Maria Sharapova made it only five games lost in three matches at the French Open with another Parisian stroll, but she knows there will be much tougher challenges ahead if she is to win her first Roland Garros crown.
Peng Shuai, who has a win over the Russian to her name in 2009, at least did better than Alexandra Cadantu and Ayumi Morita in winning three games, but Sharapova was still largely untroubled, coming through 6-2 6-1.
The second seed, who next meets Czech Klara Zakopalova, said: "I'm certainly happy with the way I've performed in these matches and followed through. I did everything I had to do.
"But in the next round, it starts from 0-0. Whoever you're playing, you have to go and try and do the same thing. There are a lot more rounds to go. It just gets tougher from this point.
"And you hope as the tournament goes on that you raise your level. You're going to be facing tougher opponents, you're going to be maybe facing two three-setters, and you just have to be ready for that."
Zakopalova ended the campaign of 22nd seed Anastasia Pavlyuchenkova today, the 30-year-old winning 6-3 7-5 to reach the fourth round of a grand slam for only
the second time in her career.
American Varvara Lepchenko is having her best slam, and she ensured there will be no third final in a row here for Italy's Francesca Schiavone.
The 14th seed, who beat Sam Stosur in 2010 then lost to Li Na last year, took the first set reasonably comfortably but was pegged back by Lepchenko.
The third set was a topsy-turvy affair, with the American serving for the match at 5-3 only for Schiavone to level, but Lepchenko broke again and then saved four break points on her own serve before finally taking it 3-6 6-3 8-6.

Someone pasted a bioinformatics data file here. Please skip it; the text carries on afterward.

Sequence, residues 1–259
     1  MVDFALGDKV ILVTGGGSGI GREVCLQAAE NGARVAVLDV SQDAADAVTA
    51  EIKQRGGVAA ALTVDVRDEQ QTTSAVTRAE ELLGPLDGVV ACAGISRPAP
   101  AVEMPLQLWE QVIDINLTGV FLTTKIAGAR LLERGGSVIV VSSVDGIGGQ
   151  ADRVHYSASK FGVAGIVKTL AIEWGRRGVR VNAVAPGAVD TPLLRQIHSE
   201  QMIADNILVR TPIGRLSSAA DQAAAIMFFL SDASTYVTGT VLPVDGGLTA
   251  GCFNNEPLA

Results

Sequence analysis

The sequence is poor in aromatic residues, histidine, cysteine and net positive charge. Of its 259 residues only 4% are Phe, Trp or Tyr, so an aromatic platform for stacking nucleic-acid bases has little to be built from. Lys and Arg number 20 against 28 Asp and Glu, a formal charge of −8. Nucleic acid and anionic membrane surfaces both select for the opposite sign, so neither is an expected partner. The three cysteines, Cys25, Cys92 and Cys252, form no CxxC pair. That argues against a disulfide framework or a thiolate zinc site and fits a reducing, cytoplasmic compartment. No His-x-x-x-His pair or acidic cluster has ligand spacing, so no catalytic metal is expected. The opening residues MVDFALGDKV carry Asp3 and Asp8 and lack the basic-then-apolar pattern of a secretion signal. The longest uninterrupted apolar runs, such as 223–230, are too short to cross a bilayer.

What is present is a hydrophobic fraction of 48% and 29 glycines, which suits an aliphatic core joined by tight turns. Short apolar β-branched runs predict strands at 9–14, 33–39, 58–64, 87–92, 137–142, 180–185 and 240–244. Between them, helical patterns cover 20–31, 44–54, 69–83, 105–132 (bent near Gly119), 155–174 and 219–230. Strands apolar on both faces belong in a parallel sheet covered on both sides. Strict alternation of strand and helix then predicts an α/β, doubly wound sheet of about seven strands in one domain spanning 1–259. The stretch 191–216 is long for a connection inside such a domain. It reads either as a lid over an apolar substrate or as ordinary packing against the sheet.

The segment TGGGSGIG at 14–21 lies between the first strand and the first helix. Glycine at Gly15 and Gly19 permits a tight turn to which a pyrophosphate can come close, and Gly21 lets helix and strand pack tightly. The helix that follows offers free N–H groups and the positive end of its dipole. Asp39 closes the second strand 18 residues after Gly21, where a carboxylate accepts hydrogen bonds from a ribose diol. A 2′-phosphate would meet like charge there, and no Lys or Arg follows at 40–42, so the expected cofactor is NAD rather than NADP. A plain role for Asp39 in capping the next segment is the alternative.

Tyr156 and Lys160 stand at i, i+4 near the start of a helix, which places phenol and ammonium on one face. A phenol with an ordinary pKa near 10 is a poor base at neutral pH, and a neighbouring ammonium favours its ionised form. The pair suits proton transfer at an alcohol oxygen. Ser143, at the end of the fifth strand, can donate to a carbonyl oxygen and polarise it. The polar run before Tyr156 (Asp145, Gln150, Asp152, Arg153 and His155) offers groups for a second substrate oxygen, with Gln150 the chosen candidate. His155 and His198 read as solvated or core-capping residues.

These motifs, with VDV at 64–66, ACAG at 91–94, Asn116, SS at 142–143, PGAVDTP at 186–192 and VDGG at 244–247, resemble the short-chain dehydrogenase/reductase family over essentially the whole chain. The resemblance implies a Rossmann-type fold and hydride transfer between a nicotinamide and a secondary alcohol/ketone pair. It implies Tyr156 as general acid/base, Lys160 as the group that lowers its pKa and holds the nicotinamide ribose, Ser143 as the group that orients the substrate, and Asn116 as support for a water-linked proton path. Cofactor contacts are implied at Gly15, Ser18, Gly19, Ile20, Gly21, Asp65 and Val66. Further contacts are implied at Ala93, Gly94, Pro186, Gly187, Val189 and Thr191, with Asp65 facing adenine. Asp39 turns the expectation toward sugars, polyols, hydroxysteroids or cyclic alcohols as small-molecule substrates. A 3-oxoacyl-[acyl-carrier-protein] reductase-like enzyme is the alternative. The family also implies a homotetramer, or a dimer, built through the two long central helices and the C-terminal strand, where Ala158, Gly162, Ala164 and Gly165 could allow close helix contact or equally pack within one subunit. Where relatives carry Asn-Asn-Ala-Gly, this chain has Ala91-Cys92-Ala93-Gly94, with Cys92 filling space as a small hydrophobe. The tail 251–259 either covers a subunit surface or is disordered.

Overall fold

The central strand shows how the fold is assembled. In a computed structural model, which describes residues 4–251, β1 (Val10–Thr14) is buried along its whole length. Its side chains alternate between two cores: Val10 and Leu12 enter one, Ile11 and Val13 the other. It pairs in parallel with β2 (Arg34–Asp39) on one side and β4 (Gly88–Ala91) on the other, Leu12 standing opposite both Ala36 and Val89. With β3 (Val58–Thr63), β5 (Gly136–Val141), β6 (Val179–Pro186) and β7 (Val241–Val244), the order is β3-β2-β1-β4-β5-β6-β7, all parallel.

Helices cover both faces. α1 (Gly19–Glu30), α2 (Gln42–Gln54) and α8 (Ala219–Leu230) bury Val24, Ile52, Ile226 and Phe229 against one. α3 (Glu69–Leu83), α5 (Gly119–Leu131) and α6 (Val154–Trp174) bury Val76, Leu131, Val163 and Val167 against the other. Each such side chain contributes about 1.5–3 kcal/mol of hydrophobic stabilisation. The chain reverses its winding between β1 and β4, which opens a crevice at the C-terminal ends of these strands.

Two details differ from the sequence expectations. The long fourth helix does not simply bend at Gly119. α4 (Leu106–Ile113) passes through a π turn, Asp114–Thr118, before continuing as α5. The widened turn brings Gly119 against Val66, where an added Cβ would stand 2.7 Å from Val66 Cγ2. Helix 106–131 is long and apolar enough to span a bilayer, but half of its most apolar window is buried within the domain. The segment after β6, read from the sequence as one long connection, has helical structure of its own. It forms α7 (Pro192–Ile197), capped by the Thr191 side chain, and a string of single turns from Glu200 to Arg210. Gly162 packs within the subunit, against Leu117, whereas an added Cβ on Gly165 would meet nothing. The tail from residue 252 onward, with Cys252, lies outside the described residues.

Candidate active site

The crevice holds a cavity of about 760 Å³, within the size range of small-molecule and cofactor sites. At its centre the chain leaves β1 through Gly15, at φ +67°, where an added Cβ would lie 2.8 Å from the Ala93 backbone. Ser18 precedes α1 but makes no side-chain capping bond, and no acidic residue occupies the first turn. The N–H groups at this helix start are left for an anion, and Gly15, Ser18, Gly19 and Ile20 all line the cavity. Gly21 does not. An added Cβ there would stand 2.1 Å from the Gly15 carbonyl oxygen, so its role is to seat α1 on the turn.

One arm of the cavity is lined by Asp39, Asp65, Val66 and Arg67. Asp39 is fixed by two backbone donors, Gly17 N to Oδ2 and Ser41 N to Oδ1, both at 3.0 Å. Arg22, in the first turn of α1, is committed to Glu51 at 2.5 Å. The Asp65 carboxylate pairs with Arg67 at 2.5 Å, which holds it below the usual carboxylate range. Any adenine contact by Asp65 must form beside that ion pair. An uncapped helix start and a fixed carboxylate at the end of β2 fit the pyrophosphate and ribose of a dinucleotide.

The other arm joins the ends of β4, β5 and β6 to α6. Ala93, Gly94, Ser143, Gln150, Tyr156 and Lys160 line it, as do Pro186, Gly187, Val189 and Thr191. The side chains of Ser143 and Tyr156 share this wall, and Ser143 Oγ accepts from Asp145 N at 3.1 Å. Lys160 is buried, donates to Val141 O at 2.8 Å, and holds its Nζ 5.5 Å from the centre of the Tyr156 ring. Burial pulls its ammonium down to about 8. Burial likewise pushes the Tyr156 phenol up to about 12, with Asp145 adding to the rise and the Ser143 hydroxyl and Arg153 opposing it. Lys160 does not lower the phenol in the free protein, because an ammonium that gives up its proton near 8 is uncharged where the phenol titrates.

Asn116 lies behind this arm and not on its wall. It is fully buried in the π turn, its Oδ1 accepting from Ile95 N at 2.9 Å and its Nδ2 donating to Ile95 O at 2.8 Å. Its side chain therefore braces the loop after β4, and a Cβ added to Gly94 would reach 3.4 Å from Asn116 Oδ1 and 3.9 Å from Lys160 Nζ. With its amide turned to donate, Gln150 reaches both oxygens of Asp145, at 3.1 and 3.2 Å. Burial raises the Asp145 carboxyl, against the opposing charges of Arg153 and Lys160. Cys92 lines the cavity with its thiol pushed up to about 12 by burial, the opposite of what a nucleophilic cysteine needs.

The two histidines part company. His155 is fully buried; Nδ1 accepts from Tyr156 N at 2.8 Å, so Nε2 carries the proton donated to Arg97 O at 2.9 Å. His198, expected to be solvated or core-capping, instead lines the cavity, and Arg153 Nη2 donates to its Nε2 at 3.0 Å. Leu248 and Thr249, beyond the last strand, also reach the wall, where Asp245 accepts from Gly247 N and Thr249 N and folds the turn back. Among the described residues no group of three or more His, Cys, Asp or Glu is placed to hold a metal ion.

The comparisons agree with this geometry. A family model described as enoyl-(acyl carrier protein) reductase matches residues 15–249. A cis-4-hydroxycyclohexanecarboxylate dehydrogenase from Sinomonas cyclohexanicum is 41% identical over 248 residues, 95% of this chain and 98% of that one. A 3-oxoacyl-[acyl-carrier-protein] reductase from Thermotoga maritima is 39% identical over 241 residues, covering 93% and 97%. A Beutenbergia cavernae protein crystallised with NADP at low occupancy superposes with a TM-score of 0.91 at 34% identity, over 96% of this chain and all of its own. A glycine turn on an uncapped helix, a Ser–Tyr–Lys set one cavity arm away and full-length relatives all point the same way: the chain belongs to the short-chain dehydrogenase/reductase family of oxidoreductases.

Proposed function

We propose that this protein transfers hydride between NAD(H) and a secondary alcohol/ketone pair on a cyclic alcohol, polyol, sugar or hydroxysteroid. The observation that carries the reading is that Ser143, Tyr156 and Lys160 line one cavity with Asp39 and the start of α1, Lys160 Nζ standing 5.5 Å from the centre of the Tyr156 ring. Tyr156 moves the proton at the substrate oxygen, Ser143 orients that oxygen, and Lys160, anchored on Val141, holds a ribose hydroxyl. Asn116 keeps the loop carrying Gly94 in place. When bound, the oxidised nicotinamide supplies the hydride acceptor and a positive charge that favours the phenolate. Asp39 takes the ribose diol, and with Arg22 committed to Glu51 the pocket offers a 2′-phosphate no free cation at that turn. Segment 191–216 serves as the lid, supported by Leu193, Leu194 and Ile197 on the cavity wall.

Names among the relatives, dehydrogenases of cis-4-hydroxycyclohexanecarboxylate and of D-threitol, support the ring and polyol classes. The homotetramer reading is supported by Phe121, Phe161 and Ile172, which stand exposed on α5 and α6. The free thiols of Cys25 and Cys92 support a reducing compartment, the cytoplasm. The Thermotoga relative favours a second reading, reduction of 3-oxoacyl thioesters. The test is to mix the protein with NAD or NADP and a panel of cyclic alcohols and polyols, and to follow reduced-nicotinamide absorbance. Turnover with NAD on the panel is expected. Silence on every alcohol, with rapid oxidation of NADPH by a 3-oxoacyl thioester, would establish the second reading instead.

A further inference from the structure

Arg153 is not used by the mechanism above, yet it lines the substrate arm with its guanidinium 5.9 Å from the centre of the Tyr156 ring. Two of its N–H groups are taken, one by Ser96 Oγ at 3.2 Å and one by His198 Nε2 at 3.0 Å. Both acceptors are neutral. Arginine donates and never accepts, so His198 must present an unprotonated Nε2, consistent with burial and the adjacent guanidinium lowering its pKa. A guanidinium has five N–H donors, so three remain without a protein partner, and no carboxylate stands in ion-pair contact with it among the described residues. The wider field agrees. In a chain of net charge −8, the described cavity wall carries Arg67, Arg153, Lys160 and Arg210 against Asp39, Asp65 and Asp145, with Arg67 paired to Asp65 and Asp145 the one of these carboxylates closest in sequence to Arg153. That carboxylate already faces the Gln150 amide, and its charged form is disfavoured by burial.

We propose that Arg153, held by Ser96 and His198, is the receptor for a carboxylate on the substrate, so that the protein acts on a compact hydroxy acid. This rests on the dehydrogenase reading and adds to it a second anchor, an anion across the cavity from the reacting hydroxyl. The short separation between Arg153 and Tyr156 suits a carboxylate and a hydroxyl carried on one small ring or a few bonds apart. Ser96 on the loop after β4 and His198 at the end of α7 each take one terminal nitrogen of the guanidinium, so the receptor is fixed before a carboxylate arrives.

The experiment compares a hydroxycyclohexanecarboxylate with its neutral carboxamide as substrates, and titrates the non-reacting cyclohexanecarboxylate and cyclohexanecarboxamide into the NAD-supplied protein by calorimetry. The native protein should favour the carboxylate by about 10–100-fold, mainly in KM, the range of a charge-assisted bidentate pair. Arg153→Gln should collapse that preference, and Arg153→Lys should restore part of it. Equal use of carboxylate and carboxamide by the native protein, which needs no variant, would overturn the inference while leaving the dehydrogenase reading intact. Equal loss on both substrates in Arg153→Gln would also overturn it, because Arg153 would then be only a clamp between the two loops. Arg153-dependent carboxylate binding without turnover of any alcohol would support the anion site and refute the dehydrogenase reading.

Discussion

The victory means Lepchenko is set to qualify for the US team at the Olympics, leaving Venus Williams vulnerable because Sloane Stephens, who is ranked lower at the moment, is still in the tournament.
Lepchenko said: "I was fighting until the end. I was trying to stay with Francesca the whole time. She played amazing. It's her court. I knew that she wasn't going to give it for free. I had to work really hard, and I did."
The 26-year-old was born and grew up in Uzbekistan but moved to America a decade ago after travelling there to play in a tournament.
"After we arrived in the United States we didn't come back, because there was no future for me, no future for my career," she said.
"I wouldn't have been able to make it as far as I am right now if I was back in Uzbekistan."
Lepchenko next meets Wimbledon winner Petra Kvitova, who, like defending champion Li Na, survived a three-setter today. Li saw off 20-year-old American Christina McHale 3-6 6-2 6-1 while Kvitova was a 6-2 4-6 6-1 winner over Nina Bratchikova.
Li, who now faces Yaroslava Shvedova, said: "In the first set I think I always followed what she did. I was feeling like she's the champion on the court. But I was happy I changed a bit at the beginning of the second set to play my way.
"She's a very dangerous player. I was happy I could win the match today because I have more experience."
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